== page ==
OR usu there is a .dll or .ocx installed for every app.
Enter VBE, Alt-F11,
menu, tools, references
check mark TLS mail, (or similar object library)
then use the code below, but replace OUTLOOK objects with your TLS.
It may or may not work.
call Email1(sTo, sSubj, sBody)
Public Function Email1(ByVal pvTo, ByVal pvSubj, ByVal pvBody, Optional ByVal pvFile) As Boolean
Dim oApp As Outlook.Application
Dim oMail As Outlook.MailItem
On Error GoTo ErrMail
'NOTE : YOU MUST HAVE THE OUTLOOK REFERENCE CHECKED IN VBE; ctl-G, menu,tools, references, Microsoft Outlook XX Object library
Set oApp = CreateObject("Outlook.Application")
Set oMail = oApp.createitem(olMailItem)
.To = pvTo
.Subject = pvSubj
If Not IsNull(pvBody) Then .Body = pvBody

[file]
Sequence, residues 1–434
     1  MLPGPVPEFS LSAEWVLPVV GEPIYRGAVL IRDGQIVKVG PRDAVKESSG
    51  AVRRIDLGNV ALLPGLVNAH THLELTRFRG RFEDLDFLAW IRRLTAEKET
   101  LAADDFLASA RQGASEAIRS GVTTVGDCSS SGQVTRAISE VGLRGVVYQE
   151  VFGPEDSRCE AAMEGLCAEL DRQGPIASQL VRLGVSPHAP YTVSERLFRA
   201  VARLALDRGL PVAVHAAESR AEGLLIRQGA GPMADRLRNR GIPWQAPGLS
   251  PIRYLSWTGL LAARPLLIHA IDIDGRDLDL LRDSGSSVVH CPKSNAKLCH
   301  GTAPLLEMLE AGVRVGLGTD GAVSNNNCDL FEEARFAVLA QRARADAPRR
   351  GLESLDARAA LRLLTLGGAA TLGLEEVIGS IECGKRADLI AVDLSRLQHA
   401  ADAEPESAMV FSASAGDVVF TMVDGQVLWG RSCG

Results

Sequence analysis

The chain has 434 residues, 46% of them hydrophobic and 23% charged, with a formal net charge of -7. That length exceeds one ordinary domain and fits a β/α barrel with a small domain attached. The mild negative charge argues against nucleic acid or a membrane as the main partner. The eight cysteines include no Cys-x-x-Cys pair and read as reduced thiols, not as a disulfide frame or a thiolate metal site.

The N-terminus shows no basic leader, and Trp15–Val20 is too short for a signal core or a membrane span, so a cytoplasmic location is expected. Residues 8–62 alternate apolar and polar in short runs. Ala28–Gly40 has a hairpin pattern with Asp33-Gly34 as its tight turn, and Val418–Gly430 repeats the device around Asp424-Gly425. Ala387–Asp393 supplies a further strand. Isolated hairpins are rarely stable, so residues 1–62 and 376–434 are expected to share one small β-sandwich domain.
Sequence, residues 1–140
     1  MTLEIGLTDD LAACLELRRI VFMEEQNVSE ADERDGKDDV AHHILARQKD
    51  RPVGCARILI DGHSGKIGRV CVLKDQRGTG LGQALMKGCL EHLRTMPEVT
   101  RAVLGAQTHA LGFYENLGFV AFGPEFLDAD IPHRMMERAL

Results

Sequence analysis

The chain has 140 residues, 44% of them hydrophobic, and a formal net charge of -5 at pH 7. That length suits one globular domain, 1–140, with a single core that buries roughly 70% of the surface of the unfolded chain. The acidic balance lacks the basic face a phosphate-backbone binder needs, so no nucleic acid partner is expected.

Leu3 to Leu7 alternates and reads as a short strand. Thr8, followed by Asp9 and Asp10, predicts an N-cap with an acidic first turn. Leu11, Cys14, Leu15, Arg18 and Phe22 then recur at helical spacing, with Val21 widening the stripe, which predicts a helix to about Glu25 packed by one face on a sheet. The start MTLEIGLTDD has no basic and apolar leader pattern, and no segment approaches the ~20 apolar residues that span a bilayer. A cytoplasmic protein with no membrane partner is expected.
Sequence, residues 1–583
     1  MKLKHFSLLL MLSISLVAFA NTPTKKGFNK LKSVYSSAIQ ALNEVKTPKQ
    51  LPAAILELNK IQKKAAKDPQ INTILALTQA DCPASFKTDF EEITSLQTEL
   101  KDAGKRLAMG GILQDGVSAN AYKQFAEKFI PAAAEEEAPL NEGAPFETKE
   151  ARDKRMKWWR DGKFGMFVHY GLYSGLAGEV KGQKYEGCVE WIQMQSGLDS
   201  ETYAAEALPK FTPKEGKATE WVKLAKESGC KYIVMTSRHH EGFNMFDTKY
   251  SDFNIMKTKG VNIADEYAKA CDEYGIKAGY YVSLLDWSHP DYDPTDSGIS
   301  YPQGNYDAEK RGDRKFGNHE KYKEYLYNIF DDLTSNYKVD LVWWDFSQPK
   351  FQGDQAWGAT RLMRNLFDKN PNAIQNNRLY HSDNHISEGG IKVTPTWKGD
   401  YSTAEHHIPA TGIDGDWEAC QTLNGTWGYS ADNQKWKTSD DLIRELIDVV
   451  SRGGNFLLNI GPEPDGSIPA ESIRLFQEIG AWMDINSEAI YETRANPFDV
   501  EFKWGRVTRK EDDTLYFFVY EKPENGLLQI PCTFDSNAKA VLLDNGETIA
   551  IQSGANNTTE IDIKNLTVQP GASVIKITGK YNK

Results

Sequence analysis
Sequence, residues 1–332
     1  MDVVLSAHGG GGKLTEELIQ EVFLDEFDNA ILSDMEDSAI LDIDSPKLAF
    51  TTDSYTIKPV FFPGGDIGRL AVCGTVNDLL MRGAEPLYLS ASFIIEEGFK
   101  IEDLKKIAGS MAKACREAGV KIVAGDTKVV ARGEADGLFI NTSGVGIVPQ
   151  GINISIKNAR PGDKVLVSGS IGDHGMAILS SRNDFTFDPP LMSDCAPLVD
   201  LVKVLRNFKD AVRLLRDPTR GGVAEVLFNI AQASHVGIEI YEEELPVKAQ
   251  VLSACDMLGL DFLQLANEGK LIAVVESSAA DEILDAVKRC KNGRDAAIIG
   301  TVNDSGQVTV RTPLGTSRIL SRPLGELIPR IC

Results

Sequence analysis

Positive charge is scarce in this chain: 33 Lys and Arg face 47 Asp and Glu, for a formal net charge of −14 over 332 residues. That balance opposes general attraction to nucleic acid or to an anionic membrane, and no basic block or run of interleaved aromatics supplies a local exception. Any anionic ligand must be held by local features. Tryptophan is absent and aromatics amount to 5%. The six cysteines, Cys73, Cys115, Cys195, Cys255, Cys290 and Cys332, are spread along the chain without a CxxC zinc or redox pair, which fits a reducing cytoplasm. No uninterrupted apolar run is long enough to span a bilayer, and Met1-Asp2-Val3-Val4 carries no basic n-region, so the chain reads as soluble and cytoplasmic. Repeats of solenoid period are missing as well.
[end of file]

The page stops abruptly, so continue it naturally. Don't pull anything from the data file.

If Not IsMissing(pvFile) Then .Attachments.Add pvFile, olByValue, 1
'.Save 'draft, we are NOT sending...we save as draft
Email1 = True
Set oMail = Nothing
Set oApp = Nothing
MsgBox Err.Description, vbCritical, Err
First, you should find out what protocol(s) your provider supports.
The recommend namespace for email is System.Net.Mail. However, as far as I know, this supports only explicit SSL/TLS with the STARTTLS command.
This might have changed with .Net 4.6 and later because there where many SSL/TLS enhancements included.
You could also use System.Web.Mail. This namespace supports implicit and explicit SSL/TLS. However, it is marked as deprecated but still work in all current versions of .Net Framework.
In any case, I would suggest you wrap your email code in a custom abstraction layer to easily change it later if requirements, availability and/or capabilities of the used email component change.